I remember hearing hype for this movie as early as summer of 2016, and here we are, many months after the fact, with me checking out the home release of “Nocturnal Animals”. Directed by the newcomer of Tom Ford, it really did spark a lot of interest, but has that held up?
Led by Amy Adams (who’s career is really hitting form) and Jake Gyllenhaal, this is a “story within a story” as an art gallery owner receives a script from her ex-husband which he wants her to read and provide insight upon. Her feelings towards their breakup are mixed, and with her new husband spending a lot of time away on business trips (Armie Hammer), she takes it on. But the story brings up her old relationship in a raw and unforgiving manner, one which she has to now come to terms with.
This is a method of storytelling that almost all of you will be familiar with, one that has you drawing similarities between the central, and secondary narrative. It is one that when executed correctly, doesn’t so much as give double the content, but double the context. You have more information to consider and think about. In this movie, the central theme is that the real world is mundane and dull, and only in the writing can the gripping, emotional lives truly be found.
And that is certainly how the movie is constructed in an initially odd way. Everything to do between the character of Amy Adams and her new wife feels… so plain. Her trips to the art gallery, the conversations with her husband and others, they are all stripped of real emotive. Only upon the end did I realise what was being intended with that. It is a polar opposite to the feel of the world generated within the script and let’s be fair – the world within books is certainly a bit more lively than dropping into the cafe every lunchtime.
The story within the script is like something pulled out of a 70’s redneck Horror film, mixed with some Southern Noir. A man’s wife and daughter are kidnapped while they’re harassed off of the road by a group of men, and follows his struggle to find them with the aid of the local Detective. In a complete change to the primary story, it is full of clashing emotions and intrigue – it is by far the most interesting half of this narrative. even by the time the end was coming along, I was still kind of guessing as to where it was going to go, when were were telegraphed earlier on that the ex-husband had something pretty horrid done to him by his former wife. Michael Shannon is quite good as the Detective, with an interesting setup to his back story and progression right to the end.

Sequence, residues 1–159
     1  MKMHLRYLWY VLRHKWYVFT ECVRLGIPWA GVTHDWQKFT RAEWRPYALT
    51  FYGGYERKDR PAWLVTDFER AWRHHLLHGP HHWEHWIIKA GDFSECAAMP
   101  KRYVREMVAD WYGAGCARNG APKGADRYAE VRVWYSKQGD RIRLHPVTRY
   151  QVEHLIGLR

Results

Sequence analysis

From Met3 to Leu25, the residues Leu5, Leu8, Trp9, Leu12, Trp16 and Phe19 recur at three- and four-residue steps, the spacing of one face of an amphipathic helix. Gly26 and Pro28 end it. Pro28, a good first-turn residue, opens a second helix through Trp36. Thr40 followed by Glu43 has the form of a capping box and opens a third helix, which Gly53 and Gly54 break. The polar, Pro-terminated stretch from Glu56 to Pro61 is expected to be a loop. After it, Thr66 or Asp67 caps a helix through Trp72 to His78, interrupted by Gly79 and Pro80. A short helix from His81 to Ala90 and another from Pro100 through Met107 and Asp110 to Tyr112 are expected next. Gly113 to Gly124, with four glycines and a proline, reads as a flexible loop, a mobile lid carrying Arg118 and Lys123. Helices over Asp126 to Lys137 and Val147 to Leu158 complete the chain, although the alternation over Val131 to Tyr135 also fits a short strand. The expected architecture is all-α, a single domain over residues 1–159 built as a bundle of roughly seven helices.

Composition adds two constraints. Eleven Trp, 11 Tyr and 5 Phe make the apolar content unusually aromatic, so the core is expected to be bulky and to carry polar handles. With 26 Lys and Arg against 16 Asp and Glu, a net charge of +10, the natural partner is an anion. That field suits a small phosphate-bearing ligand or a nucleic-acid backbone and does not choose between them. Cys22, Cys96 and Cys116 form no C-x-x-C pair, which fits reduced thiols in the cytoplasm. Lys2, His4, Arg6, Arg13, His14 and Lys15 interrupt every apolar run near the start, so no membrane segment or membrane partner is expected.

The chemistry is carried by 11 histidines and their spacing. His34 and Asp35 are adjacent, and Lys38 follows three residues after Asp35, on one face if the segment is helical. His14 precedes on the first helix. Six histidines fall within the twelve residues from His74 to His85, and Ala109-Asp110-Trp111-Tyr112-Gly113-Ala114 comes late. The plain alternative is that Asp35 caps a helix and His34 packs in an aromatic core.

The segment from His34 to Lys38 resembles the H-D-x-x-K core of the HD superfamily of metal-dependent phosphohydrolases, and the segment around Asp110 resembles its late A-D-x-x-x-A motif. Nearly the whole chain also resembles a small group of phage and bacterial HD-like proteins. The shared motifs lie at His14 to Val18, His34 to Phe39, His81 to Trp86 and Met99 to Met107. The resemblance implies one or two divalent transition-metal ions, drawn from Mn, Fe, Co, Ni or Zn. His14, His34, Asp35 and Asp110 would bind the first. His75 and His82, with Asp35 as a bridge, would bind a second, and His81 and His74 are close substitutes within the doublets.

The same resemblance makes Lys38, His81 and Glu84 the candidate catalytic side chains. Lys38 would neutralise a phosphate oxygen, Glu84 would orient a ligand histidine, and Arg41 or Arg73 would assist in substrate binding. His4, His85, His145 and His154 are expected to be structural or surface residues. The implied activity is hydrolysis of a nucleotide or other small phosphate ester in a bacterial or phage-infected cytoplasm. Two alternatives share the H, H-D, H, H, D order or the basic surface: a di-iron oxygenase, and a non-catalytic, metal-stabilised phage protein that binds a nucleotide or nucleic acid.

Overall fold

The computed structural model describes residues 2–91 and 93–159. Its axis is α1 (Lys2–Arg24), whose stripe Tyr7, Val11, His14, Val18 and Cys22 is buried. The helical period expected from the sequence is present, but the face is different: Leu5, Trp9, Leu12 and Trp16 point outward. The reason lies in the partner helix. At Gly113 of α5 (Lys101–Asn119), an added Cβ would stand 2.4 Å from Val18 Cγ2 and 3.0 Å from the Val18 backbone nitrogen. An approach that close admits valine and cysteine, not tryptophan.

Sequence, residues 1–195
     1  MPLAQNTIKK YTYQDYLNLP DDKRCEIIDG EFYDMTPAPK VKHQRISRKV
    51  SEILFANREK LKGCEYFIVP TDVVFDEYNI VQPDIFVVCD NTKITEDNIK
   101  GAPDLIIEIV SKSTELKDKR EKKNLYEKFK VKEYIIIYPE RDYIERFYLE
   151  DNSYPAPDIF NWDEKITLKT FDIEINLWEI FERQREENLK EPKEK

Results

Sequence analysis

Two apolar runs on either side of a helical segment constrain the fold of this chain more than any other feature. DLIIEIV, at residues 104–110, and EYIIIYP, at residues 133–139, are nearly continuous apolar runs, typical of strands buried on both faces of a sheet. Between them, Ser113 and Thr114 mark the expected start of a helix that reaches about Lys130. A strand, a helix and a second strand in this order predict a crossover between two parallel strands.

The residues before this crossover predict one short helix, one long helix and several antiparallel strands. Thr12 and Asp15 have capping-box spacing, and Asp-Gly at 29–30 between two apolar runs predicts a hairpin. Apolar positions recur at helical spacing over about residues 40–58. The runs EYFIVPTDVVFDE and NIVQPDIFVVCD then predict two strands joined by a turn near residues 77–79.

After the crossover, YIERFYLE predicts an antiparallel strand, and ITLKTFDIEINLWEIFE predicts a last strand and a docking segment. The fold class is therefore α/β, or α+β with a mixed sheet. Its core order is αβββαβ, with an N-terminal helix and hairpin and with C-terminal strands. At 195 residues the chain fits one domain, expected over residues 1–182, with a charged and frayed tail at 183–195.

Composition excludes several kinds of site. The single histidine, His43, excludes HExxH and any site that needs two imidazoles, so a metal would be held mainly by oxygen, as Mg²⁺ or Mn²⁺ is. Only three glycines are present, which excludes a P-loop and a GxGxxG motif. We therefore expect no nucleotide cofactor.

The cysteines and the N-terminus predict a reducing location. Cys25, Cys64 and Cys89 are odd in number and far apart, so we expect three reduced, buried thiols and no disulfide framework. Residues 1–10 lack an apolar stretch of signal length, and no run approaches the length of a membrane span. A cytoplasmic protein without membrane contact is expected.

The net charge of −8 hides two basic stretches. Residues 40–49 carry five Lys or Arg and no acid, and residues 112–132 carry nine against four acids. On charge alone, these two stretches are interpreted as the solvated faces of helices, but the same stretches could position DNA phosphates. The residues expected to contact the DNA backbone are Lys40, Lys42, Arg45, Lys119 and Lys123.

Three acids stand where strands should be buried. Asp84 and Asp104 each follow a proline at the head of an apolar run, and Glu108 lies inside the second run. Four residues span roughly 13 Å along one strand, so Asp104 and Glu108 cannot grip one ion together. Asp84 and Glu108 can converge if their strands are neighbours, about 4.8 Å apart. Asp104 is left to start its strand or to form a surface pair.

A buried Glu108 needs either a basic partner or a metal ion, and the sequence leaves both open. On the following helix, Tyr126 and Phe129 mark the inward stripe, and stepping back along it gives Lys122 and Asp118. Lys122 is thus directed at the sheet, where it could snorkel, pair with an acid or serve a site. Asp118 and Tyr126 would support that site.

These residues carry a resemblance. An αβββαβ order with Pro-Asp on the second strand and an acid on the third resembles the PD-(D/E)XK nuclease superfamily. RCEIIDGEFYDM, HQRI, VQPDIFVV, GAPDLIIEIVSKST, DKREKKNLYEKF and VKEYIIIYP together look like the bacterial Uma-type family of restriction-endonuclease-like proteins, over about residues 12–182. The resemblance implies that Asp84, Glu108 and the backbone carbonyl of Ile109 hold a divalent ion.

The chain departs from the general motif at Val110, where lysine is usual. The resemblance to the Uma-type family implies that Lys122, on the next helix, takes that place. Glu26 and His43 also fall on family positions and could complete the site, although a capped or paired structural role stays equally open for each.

Here’s the thing however… when you take these two halves and try to fit them together in a way that seems pleasing to the viewer, it is quite difficult. The primary narrative was just too bland for me to care all that much for it, even when the big reveal is made near the end. It is not to say the performances weren’t bad or whatever, ore that it was detached in a way that had me struggling to find meaning and overlaying connections from it. For something that was put together with such a relatively small budget, the camera work and editing was very professional and had a distinct art style that I cannot kick down. But… it just wasn’t for me unfortunately.
There is enough in that story within the story to find interest from however, it was a riveting little thriller even if it was in a microchasm. “Nocturnal Animals” is a film that was probably intended to divide audiences – to have them really discuss and debate it from multiple viewpoints. I would be that way too, if I found enough from the main story to look at and analyse. But sadly that was the weakest link and even if it was intended to be mundane, it needed anchors to hold the attention of the audience. If this sounds like it is up your street, check it out for sure. It wasn’t to my particular taste, but it may prove a more pleasant palette for you.
Thanks for reading!